The 27th ITS World Congress got underway with an official opening ceremony, at the CCH Congress Center in Hamburg, featuring input from two of the city’s most famous names, Angela Merkel, who grew up in Hamburg, and The Beatles, whose music soundtracked the event in recognition of the fact that the Fab Four played their first live concerts at the nearby Star Club.
The music, played by a live local band, and recorded message from the German Chancellor, were followed by live addresses from the city’s First Mayor Peter Tschentscher and Michael Baldwin, Deputy Director General DG MOVE.
Both speakers expressed their pleasure at seeing the ITS community gathered together in such numbers for the first time since the ITS World Congress in Singapore two years ago, with Hamburg recognised as being one of the smartest cities in Europe. Both also focused on the need to put technology into action as soon as possible.
Baldwin emphasised the importance of data sharing in creating even smarter cities in the future: “The European Commission has an ambitious objective to deliver, by 2023, a solution allowing for seamless flow of information across all transport modes, between all types of supply chain and stakeholders without, of course, commercial compromise of their commercial independence,” he said. “Digitalization is also the basis for more automation, and the European Commission’s ambition is to help the deployment of automated mobility at a large scale by 2030.
“To this end, the commission has created the cooperative, connected automated and autonomous mobility platform to gather together and drive forward the knowledge and 400 public and private stakeholders on key topics, such as road safety and cybersecurity connectivity and physical and digital infrastructure, and how we can coordinate on future innovation.”
Baldwin’s address was followed by video messages from Tetsuro Fukunaga, executive director of the Japan Machinery Center for Trade and Investment, and the USDOT’s Ken Leonard, director of ITS JPO, USDOT, who spoke about the huge challenges facing the world, which have only been magnified by the Covid-19 pandemic, which prevented him from making the trip to Germany.
“While transportation has served as a vital engine of growth, it’s also been the largest contributors to greenhouse gas emissions,” says Leonard. “Highways have, despite improving travel and convenience for many, displaced or disrupted minority communities, and resulted in nearly 40,000 lives lost in crashes in the United States.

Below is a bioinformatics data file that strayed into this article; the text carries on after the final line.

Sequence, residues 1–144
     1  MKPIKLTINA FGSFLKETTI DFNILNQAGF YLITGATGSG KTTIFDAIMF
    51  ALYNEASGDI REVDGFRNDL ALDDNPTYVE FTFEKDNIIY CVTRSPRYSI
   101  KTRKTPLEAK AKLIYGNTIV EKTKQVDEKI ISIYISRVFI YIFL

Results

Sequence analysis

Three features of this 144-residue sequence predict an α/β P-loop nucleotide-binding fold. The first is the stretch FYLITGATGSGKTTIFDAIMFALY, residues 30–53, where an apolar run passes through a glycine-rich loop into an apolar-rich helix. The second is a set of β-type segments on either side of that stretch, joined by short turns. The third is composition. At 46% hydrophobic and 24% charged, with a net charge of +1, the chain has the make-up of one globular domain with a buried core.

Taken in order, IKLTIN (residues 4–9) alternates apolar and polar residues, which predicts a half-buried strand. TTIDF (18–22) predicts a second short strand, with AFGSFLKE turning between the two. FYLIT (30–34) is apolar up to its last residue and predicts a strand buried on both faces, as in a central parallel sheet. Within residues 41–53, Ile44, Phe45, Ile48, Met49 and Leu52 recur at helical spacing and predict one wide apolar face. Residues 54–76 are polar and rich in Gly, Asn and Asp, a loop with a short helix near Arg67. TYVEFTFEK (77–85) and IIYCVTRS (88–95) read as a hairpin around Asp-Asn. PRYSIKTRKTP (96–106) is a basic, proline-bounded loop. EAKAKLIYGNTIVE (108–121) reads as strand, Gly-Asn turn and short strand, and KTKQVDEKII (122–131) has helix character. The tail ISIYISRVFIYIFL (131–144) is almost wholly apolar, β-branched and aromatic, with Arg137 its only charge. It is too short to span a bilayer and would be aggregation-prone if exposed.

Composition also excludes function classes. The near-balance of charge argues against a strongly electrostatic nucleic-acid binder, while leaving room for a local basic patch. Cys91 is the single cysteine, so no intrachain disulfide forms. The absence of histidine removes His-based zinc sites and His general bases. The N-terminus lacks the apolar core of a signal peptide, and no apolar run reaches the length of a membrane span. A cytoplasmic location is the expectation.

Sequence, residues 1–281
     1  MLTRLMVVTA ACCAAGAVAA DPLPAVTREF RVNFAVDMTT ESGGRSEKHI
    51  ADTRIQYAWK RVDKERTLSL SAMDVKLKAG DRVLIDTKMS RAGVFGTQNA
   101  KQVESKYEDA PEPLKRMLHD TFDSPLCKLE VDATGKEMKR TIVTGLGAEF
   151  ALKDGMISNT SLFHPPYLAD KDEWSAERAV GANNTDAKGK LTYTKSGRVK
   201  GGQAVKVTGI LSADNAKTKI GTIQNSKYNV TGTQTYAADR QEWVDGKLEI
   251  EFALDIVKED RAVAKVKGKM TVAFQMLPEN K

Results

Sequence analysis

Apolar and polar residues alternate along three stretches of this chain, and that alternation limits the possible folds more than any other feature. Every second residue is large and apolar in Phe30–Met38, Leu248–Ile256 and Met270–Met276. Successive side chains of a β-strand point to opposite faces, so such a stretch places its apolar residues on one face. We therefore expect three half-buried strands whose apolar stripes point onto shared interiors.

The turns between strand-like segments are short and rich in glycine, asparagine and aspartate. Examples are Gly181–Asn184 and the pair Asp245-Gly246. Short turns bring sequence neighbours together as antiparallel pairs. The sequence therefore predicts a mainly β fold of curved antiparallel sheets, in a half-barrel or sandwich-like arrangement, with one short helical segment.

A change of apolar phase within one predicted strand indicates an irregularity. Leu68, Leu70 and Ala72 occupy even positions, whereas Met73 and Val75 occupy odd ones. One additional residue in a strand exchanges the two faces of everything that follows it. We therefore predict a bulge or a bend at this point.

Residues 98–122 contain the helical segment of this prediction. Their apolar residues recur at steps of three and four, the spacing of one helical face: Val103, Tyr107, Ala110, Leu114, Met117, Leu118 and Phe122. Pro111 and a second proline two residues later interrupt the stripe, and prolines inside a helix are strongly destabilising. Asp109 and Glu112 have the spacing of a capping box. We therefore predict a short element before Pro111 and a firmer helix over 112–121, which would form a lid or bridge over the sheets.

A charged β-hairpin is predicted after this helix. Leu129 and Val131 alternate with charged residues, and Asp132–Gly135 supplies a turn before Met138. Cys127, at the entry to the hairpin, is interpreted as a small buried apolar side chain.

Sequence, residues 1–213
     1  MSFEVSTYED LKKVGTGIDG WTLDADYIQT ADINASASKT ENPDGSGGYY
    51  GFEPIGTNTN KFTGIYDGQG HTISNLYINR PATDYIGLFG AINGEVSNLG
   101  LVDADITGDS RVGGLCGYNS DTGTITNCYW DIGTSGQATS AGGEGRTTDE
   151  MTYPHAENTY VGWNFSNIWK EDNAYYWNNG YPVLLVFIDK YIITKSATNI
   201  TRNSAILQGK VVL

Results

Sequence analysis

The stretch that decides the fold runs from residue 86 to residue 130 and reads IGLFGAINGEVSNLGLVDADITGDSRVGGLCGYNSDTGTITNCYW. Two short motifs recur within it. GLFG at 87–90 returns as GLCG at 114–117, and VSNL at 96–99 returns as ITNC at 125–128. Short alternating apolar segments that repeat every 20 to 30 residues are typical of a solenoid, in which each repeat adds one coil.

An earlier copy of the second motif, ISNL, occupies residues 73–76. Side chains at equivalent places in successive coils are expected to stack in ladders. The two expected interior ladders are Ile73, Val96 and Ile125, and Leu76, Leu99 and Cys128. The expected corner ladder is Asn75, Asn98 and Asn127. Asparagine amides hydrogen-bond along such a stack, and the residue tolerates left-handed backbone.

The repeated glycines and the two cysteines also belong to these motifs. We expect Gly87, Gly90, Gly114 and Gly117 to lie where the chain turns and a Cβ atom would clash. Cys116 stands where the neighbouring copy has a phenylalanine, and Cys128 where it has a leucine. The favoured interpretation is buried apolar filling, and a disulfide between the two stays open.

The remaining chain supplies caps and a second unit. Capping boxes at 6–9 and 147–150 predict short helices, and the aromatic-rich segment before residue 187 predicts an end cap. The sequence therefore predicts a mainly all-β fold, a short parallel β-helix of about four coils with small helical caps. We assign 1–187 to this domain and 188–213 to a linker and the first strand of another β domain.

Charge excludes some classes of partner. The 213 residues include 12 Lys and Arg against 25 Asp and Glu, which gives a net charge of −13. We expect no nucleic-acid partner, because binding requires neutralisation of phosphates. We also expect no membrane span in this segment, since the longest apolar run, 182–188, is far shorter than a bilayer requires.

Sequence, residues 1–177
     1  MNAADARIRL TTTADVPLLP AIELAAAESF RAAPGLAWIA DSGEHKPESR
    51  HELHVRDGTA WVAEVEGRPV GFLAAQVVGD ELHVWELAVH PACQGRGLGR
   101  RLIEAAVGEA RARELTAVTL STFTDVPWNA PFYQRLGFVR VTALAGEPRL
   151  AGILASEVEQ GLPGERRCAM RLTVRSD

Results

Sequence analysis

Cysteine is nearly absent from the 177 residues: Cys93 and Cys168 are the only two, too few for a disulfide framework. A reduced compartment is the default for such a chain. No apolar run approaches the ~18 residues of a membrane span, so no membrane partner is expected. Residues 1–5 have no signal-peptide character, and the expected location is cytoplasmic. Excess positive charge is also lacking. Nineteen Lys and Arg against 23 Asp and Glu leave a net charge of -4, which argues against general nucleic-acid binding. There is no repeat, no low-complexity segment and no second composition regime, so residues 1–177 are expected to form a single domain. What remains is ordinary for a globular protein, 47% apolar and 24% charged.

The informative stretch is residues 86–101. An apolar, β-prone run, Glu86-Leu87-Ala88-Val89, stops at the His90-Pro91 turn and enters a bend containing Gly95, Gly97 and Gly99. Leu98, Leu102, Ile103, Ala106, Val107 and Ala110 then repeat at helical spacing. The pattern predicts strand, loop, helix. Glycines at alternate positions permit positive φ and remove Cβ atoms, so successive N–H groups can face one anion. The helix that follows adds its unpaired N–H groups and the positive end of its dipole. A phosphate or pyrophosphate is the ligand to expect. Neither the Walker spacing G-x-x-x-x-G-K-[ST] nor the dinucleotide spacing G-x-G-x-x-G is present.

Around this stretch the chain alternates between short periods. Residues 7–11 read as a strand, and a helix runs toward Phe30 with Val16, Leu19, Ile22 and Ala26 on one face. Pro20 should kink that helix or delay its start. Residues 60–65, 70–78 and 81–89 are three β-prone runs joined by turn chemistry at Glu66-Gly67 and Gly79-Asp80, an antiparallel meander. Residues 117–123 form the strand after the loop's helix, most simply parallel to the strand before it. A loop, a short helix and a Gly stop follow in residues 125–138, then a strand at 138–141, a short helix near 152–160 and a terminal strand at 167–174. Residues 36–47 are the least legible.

“So as we look ahead, any strategy that we adopt must consider how to move forward in an uncertain future, and ensure equity in any approach to solve problems we’re solving. I believe that ITS technologies have the power to address these challenges and to save lives.
Next, live on stage, were the leaders of the three major ITS organisations around the globe. Jacob Bangsgaard, Hajime Amano, Laura Chace, who together represent ERTICO-ITS Europe, ITS Asia-Pacific and ITS America.
Chace, who was speaking for the first time in her new role as president and CEO of ITS America, spoke of her desire to bring the focus of the organisation’s principles to a personal level.
“My priority for ITS America is advancing our vision of a safer, greener, smarter future and tying that to how it impacts people’s lives. Transportation is a key linchpin in access to economic opportunity, healthcare services – which we of course saw during the pandemic –and it’s important for people be able to connect to that opportunity no matter who they are or where they live.
“So that’s what I’ll be focusing on and I believe a key part of, of bringing that vision to life is ensuring that we have more diverse perspectives in the industry, because I believe as we make as investments, it’s critically important to ensure that while we make them we’re lifting everyone.”